This is- and he has a drinking problem, and he takes a lot of holidays to Indonesia.

I look around the office and smile back at them.

 

The night feels like a hot bath

the people are ugly now. Twenty years ago many were beautiful.

Everyone is angry.

Nothing is true.

The fear is to be felt most keenly

As the years pass and begin to pass quicker still,

A fear of opening the front door one day

And stepping into a quiet hall

And thinking

‘I am alone.’

 

Standing outside my old house on that beautiful street,

too late in the evening,

being watched by every dog and old woman.

I run my hand along the fence and remember I did this 30 years ago.

The broken sidewalk has been fixed,

the streetlights are brighter,

but that is all that has changed.

I think about the legs as they cross themselves in late night cafes

I watch the waitress as she wipes down tables.

She has a blue-black eagle tattooed on her bicep.

She looks around blindly

And occasionally laughs at something the cook says to her as she passes him.

 

I have heard the words of beauty,

And I too have had to get up from my stool

And catch the bus,

It arrives at 2 am

And leaves at 2.03.

Sitting

Sitting on the deck that overhangs the lagoon,

a woman’s voice speaks to me from inside the house.

It takes me back to summer holidays on Lake Stanley, when I was a child,

and no amount of calling would bring me home.

Here, like then, I watch the sun reflecting from the lake’s surface,

the sandy mud, the smell of thick forests and clean water.

 

A bird settles on the lake and my mind drifts away into the universe.

How strange to be an old man with a young man’s mind.

Music begins to play softly and there are more voices now

as the house begins to awake.

How many years of suffering to finally reach this year of peace?

How sad to think that I am only looking at this lake now

after years of profits and deadlines.

 

If I were a brave man, I would have done more

to live life like a free man.

All choices are correct and incorrect,

all life comes to an end.

The forest is thick around the edge of the lake,

there is rain coming.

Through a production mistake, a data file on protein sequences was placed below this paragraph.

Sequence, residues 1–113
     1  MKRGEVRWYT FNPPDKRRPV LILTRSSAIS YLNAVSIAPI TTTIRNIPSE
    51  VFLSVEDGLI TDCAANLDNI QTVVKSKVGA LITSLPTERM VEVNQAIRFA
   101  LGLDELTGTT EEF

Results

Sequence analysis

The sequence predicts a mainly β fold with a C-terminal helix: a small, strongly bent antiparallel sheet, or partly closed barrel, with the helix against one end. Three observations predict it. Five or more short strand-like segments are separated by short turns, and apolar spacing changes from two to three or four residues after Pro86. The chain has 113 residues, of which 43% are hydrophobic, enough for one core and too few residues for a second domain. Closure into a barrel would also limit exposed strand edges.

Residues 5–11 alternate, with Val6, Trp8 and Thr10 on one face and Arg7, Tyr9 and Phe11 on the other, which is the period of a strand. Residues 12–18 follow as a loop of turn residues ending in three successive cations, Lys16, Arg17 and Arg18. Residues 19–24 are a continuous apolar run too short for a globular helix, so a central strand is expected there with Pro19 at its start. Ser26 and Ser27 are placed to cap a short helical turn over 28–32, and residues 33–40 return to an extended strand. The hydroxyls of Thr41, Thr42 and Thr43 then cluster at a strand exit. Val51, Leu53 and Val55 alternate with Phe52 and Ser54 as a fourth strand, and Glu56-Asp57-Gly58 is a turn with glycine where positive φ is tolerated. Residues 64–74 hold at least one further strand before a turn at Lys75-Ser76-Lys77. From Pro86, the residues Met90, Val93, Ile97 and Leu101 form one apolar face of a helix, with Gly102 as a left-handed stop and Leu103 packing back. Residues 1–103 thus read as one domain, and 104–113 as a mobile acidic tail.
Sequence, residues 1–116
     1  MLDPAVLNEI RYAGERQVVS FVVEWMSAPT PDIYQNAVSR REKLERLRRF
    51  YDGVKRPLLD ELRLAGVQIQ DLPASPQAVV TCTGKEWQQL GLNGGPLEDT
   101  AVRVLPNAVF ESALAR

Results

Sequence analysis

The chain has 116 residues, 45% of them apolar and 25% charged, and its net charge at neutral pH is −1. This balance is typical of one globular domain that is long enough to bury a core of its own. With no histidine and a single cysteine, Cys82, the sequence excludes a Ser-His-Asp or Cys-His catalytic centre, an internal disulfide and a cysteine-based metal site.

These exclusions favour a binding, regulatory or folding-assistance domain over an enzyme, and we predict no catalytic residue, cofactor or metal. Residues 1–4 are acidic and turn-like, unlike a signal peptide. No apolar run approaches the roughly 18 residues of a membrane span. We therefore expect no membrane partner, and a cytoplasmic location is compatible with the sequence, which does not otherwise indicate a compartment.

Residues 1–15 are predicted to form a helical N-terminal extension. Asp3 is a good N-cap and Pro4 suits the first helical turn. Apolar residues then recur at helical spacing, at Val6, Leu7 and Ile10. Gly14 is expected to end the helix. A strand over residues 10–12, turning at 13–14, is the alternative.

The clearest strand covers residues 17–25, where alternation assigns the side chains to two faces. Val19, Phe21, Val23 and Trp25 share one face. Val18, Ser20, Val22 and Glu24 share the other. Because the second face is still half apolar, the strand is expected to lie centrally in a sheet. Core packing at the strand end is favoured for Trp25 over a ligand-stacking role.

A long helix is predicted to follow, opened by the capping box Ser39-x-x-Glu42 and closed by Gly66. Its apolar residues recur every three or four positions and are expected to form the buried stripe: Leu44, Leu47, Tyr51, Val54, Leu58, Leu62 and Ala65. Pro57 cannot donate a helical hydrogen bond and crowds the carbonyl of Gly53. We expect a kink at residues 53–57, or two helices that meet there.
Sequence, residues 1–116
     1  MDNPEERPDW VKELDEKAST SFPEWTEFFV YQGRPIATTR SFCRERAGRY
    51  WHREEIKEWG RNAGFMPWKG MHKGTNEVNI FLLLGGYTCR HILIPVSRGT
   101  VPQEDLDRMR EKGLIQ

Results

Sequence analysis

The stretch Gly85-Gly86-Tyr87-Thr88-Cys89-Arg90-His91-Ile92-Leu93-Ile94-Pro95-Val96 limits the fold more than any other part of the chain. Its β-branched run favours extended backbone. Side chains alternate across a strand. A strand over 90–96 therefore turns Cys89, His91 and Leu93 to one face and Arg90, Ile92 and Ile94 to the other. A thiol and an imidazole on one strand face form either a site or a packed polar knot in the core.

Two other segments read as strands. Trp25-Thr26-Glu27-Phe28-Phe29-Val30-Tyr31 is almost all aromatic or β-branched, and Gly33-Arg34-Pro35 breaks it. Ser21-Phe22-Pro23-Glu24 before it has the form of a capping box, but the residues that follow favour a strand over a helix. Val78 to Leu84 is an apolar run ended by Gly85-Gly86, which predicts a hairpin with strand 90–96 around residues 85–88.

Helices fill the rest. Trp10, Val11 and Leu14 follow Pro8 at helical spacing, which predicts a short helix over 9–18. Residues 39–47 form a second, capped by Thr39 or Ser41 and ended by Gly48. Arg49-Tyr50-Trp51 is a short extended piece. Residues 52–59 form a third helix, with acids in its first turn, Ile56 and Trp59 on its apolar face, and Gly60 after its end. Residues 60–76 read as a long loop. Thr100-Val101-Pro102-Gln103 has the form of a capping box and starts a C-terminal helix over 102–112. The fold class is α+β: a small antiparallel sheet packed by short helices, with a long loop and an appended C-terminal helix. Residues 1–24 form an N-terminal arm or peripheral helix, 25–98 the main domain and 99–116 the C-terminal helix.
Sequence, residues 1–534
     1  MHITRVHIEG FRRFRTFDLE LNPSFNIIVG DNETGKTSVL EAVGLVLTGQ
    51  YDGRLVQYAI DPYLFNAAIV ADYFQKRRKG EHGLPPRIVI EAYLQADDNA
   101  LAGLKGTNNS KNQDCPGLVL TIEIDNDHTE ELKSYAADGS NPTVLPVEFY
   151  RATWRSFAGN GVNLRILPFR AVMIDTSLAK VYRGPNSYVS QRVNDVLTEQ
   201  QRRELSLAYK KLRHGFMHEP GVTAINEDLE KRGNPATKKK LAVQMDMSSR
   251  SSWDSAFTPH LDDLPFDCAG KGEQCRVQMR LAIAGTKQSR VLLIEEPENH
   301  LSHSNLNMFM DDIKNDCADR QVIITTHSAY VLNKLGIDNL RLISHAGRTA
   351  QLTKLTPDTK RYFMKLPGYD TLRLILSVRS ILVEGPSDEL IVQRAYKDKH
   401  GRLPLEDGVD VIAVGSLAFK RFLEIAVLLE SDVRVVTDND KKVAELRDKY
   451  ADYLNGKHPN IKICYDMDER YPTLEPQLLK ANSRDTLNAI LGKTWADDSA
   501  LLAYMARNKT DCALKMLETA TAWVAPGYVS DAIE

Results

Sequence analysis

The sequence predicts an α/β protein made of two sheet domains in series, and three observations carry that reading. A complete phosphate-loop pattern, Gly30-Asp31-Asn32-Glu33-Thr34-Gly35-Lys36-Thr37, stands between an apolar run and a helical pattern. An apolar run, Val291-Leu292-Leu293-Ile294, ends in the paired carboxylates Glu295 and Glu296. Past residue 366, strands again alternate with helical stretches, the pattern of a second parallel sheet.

The German teacher

She laughed and tilted her head back

She was laughing at something I had said

About traffic lights.

Something about the bus driver always wanting them to be green

But they were mostly red and often yellow.

She had green eyes.

She sat under the tree and watched us play

Then she would call us to her, and we would sit around her

Shaking out her dress so the dry grass cuttings would fall

she told us about her desire to go to sea in a sailing boat

and her dream to train guide dogs.

Then, opening a book, she would read to us.

The sun dancing through the leaves and the smell of sweat dry air

Still play in my memory.

Her blonde hair, German accent, made her so unique.

In the evenings, dad would make me collect firewood.

I would load the wheelbarrow and push it past the school to her house

And there I would stack her firewood hutch.

She would stand at the back door and watch me.

I would carry a few logs into the house and fill her wood box next to the fire.

The shelves in her living room were filled with books

And I would sit on her lounge chair, waiting to receive a cup of hot chocolate and a biscuit.

She would sit next to me and tell me about her holiday in Africa or her hometown.

Then, when it became dark and the fire had warmed the room,

I would reluctantly rise and walk home in the cold.

Always I would spend too long at her house.

Those winter nights felt like a great romance to me.

Lord Byron on Vorm Street

Sitting on Vorm Street

minding my own business in the sun

a guy came up to me.

I knew him. His name was Byron and he asked people to call him ‘Lord Byron’

but no one did.

“Did you know it’s going to rain for the next six days?” he asked.

“Yes I heard”

“I want to sell my car. I’m moving to Brisbane.”

“How much?”

“$2100. No offers.”

“No, too much.” I said.

He waved his hand at me and walked into the café I was out front of.

The door opened and cool air rushed into the street like a river.

I heard the voices of women inside, a baby cried.

A cockroach ran on the wall beside me. It trod on the bricks carefully

like a man does when he is barefooted on sand.

I looked at Byron’s car. It was eggshell blue and forty years old.

He would be selling it because it would never make it the thousand kilometres to Queensland.

The man also smoked in it.

I bought a pair of second-hand shoes off a man who smoked once,

the shoes forever smelled like smoke.